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11.11: Sharpless Epoxidation
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Organic Chemistry

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Sharpless Epoxidation
 
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11.11: Sharpless Epoxidation

The conversion of allylic alcohols into epoxides using the chiral catalyst was discovered by K. Barry Sharpless and is known as Sharpless epoxidation. The use of a chiral catalyst enables the formation of one enantiomer of the product in excess. This chiral catalyst is mainly a chiral complex of titanium tetraisopropoxide and tartrate ester (specific stereoisomer). The stereoisomer used in the chiral catalyst dictates the formation of the enantiomer of the product. In other words, the use of L-(+)-diethyl tartrate leads to enantiomers having the epoxide ring below the plane, while with D-(−)-diethyl tartrate, to enantiomers with the epoxide ring above the plane. The high enantioselectivity of the reaction can be explained by considering the activation energies required for the reaction to proceed in the forward direction in the presence of the chiral catalyst. As shown in Figure 1, compared to the uncatalyzed reaction (blue curve), the activation energy of the reaction decreases dramatically with the addition of the chiral catalyst (red and green curves). Moreover, the activation energy for the formation of one enantiomer (red curve) is lowered more than that of another enantiomer (green curve), leading to the formation of one enantiomer in excess. Hence, Sharpless epoxidation reaction can be utilized for the synthesis of desired enantiomers of the product.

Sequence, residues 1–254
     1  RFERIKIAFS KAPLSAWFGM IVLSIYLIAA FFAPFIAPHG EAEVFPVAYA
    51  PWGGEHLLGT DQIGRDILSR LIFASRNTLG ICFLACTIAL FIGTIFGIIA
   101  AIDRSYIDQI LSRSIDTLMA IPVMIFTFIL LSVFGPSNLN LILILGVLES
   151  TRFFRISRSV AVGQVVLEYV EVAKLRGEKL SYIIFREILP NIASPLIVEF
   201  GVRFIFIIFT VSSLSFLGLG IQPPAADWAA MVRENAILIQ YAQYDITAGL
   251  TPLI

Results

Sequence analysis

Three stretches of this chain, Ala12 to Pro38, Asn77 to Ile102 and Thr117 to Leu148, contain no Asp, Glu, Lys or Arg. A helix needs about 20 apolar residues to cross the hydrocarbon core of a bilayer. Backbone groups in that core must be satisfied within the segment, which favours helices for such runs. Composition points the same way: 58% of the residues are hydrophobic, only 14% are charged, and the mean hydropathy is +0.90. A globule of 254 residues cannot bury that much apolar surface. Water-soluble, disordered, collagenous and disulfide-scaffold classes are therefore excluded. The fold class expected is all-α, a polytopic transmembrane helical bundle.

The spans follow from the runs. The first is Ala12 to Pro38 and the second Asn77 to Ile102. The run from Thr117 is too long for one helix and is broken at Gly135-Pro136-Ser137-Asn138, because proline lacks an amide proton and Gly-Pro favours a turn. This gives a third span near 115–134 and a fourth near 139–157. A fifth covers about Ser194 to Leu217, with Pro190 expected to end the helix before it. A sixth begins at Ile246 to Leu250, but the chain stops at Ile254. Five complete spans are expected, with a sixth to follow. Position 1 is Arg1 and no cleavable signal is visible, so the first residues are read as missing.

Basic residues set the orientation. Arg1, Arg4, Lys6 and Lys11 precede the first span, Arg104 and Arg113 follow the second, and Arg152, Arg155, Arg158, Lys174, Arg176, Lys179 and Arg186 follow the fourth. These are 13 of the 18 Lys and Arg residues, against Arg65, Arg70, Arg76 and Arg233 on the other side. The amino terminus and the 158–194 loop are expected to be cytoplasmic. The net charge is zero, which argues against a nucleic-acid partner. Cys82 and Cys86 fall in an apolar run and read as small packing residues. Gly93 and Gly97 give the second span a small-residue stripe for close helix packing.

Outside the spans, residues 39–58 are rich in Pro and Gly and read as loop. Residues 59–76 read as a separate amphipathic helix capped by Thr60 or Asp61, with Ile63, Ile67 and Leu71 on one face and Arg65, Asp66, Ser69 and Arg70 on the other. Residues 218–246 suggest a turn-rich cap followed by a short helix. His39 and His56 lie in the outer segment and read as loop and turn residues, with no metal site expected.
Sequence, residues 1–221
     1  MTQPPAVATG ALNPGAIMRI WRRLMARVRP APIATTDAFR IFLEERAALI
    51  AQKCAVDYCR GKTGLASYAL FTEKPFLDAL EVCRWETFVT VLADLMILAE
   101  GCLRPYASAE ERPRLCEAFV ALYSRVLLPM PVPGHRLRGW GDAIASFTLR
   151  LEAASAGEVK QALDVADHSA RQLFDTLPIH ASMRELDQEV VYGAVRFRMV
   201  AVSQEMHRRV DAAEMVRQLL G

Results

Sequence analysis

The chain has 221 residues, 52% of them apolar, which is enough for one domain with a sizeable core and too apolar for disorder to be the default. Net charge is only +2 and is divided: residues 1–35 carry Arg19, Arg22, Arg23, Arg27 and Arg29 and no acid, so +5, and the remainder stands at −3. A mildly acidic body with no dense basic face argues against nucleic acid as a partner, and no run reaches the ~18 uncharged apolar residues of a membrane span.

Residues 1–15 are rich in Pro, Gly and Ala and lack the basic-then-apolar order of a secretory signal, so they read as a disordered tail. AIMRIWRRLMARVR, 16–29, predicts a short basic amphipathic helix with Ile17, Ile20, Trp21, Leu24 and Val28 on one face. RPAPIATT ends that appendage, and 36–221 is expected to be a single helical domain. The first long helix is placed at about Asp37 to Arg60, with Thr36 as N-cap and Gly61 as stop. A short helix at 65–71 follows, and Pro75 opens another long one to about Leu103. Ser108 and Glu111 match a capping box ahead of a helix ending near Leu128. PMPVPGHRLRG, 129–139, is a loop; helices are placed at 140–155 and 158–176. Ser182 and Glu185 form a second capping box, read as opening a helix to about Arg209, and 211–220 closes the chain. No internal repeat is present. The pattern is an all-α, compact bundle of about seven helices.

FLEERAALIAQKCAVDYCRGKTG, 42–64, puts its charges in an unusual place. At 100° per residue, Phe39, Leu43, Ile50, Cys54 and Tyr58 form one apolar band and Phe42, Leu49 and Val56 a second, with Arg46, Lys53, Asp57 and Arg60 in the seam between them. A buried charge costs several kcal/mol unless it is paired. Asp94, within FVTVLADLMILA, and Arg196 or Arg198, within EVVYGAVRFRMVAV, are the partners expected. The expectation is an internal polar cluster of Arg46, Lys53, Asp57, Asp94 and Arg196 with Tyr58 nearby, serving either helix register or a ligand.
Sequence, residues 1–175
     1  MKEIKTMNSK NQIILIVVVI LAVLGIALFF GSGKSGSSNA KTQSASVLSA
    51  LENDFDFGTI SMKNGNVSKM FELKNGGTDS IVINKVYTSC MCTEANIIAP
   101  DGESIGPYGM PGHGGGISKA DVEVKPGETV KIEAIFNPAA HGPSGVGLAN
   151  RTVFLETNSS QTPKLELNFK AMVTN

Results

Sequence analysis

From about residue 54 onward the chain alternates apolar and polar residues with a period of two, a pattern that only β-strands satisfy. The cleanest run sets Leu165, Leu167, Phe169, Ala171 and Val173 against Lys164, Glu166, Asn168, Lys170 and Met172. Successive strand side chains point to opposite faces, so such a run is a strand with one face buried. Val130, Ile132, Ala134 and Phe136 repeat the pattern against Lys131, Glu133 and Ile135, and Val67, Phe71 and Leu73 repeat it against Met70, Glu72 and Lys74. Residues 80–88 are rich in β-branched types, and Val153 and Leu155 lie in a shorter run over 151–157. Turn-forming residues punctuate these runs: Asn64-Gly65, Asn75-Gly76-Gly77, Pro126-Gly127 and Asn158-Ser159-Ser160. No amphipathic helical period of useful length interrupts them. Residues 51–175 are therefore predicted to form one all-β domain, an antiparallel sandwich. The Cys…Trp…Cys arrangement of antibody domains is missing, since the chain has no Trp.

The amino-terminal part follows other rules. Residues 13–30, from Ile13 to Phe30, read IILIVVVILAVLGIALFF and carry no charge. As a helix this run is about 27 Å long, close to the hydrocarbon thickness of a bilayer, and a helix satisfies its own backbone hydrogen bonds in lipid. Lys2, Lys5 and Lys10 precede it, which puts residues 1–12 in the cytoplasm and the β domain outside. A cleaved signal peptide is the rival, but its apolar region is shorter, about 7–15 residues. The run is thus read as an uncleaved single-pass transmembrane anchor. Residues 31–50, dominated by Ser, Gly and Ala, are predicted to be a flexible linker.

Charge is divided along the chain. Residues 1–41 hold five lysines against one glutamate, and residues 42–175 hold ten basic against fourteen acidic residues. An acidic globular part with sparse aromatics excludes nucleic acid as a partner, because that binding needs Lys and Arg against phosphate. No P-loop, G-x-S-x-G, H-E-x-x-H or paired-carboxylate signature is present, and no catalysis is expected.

Figure1

The stereochemistry of the product formed when any allylic alcohol is subjected to Sharpless epoxidation can be predicted by simply orienting the allylic alcohol molecule in a plane with the hydroxyl groups pointing towards the lower right corner, as shown in Figure 2. On this planar structure, D-(−)-diethyl tartrate delivers the oxygen from the top face of the alkene, making the epoxide formation feasible from above the plane, while L-(+)-diethyl tartrate delivers the oxygen from the bottom face of the alkene, thereby installing the epoxide ring from below the plane.

Figure2

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